Machine Learning


CS 578

 Fall 2015


    Instructor Dan Goldwasser

Course Information

    Office: Lawson 2142A

Fall 2015



    Office Hours: Wednesday 11:30-12:30

      (by appointment, at least an hour before)

Tuesday, Thursday 3:00-4:15 Seng-Liang Wang Hall 2599

        Piazza  (Sign up!)






 TA: Xiao (Cosmo) Zhang

       TA: Jihwan Lee


Office:   Haas G18

              Office: 2149 #10






Office Hours:Monday 2:00-4:00

       Office hours: Wednesday 10:00-12:00





Course Description                                                                                                                            


Machine learning offers a new paradigm of computing – computer systems that can learn to perform tasks by finding patterns in data, rather than by running code specifically written to accomplish the task by a human programmer.  The most common machine-learning scenario requires a human teacher to annotate data (identify relevant phenomenon that occurs in the data), and use a machine-learning algorithm to generalize from these examples.  Generalization is at the heart of machine learning – how can the machine go beyond the provided set of examples and make predictions about new data. In this class we will look into different machine learning scenarios (supervised and unsupervised), look into several algorithms analyze their performance and learn the theory behind them.





This class requires some mathematical background. Its not a math class, however you should be comfortable with linear algebra, calculus and probability theory.  Programming knowledge is also required. We will have several machine problems and a final project, all will require hacking skills.




We will cover a lot of material in this class! To keep up I expect you to attend classes (or watch the videos), read and explore the material independently and complete the homework assignments.  

In the first half of the class we will discuss classification in a supervised settings, which will include learning algorithms, basic optimization techniques and machine learning theory. We will then move to advanced topics such as deep learning, probabilistic graphical models and unsupervised learning.  A list of topics (subject to change):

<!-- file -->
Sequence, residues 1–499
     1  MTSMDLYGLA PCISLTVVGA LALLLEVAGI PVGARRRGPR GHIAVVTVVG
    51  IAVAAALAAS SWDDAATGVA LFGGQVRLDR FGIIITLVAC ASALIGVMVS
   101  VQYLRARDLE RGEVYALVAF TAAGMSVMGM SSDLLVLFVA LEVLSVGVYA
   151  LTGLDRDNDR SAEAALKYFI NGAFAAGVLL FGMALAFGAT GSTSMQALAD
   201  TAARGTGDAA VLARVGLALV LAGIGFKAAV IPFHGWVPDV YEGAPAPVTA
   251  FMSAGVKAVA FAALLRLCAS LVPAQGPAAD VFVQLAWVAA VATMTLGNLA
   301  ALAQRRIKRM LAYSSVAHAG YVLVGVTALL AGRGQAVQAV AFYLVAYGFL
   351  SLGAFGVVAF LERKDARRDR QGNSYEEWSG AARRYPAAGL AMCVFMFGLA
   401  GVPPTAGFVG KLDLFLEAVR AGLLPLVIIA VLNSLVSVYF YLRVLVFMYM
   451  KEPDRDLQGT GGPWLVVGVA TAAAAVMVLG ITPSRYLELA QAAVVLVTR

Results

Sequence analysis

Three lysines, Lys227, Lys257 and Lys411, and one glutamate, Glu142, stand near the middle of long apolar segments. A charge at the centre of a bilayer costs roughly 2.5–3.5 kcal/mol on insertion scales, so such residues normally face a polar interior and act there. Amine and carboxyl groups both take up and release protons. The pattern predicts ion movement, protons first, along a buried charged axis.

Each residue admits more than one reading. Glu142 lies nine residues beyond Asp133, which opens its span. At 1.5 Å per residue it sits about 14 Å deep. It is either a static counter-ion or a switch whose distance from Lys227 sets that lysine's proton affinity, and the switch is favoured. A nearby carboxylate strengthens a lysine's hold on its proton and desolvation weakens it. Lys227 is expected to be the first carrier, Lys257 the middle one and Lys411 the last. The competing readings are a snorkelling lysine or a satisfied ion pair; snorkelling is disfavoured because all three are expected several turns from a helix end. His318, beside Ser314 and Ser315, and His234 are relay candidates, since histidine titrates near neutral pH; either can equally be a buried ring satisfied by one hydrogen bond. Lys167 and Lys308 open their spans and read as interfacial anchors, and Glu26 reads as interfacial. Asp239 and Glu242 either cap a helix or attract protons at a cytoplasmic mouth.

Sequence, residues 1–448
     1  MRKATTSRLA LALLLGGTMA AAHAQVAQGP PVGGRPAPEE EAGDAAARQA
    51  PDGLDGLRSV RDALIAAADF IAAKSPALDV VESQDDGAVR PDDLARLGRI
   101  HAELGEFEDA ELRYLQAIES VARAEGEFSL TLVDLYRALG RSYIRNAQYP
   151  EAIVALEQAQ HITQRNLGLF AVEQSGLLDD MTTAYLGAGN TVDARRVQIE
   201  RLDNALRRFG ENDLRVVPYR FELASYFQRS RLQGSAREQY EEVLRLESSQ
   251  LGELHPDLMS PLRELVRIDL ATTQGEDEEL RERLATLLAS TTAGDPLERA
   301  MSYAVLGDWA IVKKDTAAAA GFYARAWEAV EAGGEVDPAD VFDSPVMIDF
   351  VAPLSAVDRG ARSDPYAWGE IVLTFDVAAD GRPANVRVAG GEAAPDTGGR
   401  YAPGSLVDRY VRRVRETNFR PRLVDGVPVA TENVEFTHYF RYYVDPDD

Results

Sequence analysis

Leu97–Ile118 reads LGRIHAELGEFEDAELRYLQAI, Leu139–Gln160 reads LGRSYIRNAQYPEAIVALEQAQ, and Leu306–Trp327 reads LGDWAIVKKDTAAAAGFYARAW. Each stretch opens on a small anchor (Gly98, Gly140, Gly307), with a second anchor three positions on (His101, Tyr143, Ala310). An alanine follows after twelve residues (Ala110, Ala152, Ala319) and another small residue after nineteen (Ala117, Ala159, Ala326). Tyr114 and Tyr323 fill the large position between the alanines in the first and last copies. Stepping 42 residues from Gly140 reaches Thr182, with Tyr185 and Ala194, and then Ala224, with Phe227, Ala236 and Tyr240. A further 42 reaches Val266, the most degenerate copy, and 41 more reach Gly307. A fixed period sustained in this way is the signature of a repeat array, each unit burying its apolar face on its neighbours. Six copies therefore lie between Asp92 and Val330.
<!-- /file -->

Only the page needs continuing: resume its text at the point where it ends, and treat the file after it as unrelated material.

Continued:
Decision Trees

      Online Learning

      Logistic regression and SVM

      Machine Learning Theory

      Ensemble methods

      Neural Networks

      Introduction to Probabilistic Graphical Models




      Final exam: 25%

      Mid-Term: 25%

      Homework: 25%

      Final Project: 20%

      Attendance and Participation: 5%  (both in class and on Piazza)


Your assignment can only be submitted electronically by the midnight of the due date. 


Late Submission Policy: you lose 10% of the grade for every 24 hours, for the first 48 hours. After that you will not be able to submit.


Teamwork: Allowed, but each student should submit their own work.




Reading Materials and Text Book


There is no official text book for this class. I will post slides and pointers to reading materials. Recommended books for further reading include:


      Foundations of Machine Learning. Mehryar Mohri, Afshin Rostamizadeh, Ameet Talwalkar (ISBN 026201825)

      Pattern Recognition and Machine Learning. Chris Bishop. (ISBN 0387310738)

      Machine Learning. Tom Mitchell (ISBN 0070428077)

      Understanding Machine Learning: From Theory to Algorithms. Shai Shalev-Shwartz and Shai Ben-David (ISBN  1107057132)


Other Policies


      No cheating. Seriously.

      Questions? Show up for office hours, or email. Check the Piazza site for this class. I will post the questions I get (and answers).


More Policies